Calum and Haircuts

Up until a few months ago, Calum had never had a proper haircut. He was sensitive to the noise and feeling of combing and cutting and found it very difficult to sit still for any length of time.

Calums parents felt that Calum would feel most relaxed and secure at home, so we brought our own hairdresser, Jenny, to Calum’s house. We decided to gradually let Calum get used to the noise and feeling of a haircut. We also used sand timers and simple signs and instructions that we knew Calum understood to let him know how long we expected him to sit in the chair and when he could get up for breaks. We also let him choose a video to watch whilst Jenny cut his hair.

We only asked him to sit for a minute or two at a time, so that Jenny could let him get used to her touching his hair and he just got a bit of a trim over the course of an hour and a half. We took a photo of ‘Jenny Hairdresser’ (as Calum signs/calls her), so we could prepare him for her arrival the next time.

About 6 weeks later, Jenny came back and we used a similar approach but found that Calum was relaxed enough to sit for up to 5 minutes and let Jenny cut his hair. By the third haircut (see photos below), he was happily sitting for 5-10 minutes before having a wee break, allowing Jenny to give him a suitably stylish cut in just over half an hour.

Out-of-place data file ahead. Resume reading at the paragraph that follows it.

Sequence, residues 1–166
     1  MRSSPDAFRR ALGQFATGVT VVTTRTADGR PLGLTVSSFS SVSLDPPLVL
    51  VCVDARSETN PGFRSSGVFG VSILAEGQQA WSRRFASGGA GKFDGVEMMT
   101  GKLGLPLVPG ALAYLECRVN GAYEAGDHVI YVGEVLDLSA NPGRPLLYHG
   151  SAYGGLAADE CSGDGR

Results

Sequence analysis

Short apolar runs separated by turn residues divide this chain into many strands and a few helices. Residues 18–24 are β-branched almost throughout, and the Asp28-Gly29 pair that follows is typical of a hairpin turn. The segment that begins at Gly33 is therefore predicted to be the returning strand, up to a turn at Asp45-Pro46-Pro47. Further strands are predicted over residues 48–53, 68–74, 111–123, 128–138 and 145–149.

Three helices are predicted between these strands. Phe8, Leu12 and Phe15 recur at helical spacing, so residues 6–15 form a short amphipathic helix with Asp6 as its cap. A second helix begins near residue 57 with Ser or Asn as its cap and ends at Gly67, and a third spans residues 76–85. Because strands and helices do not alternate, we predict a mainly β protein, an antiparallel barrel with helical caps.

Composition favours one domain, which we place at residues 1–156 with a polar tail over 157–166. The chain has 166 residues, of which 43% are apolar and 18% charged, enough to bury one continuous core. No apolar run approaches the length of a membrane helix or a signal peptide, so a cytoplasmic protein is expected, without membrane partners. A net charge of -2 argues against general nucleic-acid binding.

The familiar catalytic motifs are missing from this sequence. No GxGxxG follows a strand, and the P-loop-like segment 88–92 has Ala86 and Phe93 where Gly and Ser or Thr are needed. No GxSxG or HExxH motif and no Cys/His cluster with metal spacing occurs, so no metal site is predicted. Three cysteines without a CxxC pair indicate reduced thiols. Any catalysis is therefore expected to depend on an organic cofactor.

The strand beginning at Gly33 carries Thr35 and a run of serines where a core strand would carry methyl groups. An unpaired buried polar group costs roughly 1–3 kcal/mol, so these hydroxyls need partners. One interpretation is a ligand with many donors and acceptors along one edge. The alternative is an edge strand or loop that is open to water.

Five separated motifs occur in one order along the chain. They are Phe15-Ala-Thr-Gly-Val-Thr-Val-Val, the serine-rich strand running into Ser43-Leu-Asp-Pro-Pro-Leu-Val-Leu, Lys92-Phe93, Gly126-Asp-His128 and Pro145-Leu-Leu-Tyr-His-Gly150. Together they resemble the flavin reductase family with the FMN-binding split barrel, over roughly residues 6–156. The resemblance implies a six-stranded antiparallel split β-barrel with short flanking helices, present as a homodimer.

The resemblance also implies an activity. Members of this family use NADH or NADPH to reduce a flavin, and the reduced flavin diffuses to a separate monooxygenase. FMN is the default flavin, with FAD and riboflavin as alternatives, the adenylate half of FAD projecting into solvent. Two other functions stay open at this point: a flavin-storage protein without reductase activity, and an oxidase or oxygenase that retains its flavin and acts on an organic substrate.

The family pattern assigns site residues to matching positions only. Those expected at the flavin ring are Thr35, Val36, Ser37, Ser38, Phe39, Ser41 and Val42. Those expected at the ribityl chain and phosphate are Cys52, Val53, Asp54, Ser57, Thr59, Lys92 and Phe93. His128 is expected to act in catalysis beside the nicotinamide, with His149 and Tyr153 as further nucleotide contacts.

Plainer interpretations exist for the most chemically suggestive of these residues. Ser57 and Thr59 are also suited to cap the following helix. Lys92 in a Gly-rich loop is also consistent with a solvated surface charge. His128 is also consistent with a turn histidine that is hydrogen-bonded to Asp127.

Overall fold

Callum at Bedtime

At the age of eight, Calum would sleep for between three and six hours a night. And frequently, because getting him to sleep could be such an ordeal, he slept in his parents’ bed. Whilst Calum didn’t appear to need more than a couple of hours sleep a night, this was obviously very disruptive for the rest of the family.

We talked through the current bedtime situation with his mum and dad, which strategies they’d tried before, what helped, what didn’t, and came up with a plan. Firstly, we made sure that Calum was as calm and relaxed as possible before bedtime. We used the sand timers (that we’d introduced to help us with haircuts) to let Calum know that it would be bedtime soon. Once the timer finished, we got him ready for bed. It was important at this stage not to put any difficult demands on Calum (like encouraging him to brush his own teeth), so that the whole routine was positive and relaxed. Calum was then given another ten minutes (communicated again via a sand timer) where he could watch a video in bed before “lights out”. Once the timer finished, we said good night and switched off the light.

Calum got out of a bed once or twice, which we let him do, but if he came out of his bedroom we led him back into bed.  We did the same thing in the morning if Calum woke early and would also use a timer to let him know that he could get up in half an hour. Within a couple of days, Calum was happily following the routine without getting out of bed at all and began sleeping all the way through the night. And on the mornings he was still in his own bed when his mum got up, he got breakfast in bed.